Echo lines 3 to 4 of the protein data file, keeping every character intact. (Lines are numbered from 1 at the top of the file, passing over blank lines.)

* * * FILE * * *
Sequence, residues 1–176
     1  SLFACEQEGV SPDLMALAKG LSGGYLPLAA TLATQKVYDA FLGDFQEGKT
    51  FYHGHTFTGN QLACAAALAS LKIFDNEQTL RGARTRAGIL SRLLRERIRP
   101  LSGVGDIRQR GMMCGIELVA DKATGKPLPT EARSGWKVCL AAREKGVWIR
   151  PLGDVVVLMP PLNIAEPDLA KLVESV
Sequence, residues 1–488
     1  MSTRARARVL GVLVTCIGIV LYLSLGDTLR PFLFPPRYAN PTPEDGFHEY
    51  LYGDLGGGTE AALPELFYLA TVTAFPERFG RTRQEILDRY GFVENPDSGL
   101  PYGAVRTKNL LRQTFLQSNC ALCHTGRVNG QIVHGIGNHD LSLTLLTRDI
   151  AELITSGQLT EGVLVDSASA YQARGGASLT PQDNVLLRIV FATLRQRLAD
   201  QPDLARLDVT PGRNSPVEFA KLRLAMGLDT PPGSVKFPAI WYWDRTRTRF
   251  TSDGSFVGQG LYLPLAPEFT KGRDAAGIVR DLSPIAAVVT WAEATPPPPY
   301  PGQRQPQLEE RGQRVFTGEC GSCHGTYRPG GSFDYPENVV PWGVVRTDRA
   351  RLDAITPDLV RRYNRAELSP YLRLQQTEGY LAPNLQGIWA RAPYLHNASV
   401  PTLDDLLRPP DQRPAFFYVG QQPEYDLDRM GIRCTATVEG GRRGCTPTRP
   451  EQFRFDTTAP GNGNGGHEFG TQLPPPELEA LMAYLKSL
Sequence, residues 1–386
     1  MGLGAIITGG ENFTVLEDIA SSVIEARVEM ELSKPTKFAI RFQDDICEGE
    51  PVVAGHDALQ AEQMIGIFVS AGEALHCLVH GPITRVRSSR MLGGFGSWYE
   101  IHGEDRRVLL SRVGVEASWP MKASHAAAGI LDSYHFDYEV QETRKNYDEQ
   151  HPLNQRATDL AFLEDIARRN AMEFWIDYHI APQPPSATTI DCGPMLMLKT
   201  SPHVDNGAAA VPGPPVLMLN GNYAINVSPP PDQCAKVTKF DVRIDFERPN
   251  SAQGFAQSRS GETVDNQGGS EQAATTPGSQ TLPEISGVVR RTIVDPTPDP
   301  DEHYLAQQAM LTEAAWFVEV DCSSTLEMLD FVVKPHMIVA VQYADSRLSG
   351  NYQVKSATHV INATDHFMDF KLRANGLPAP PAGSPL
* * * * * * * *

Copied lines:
    51  FYHGHTFTGN QLACAAALAS LKIFDNEQTL RGARTRAGIL SRLLRERIRP
   101  LSGVGDIRQR GMMCGIELVA DKATGKPLPT EARSGWKVCL AAREKGVWIR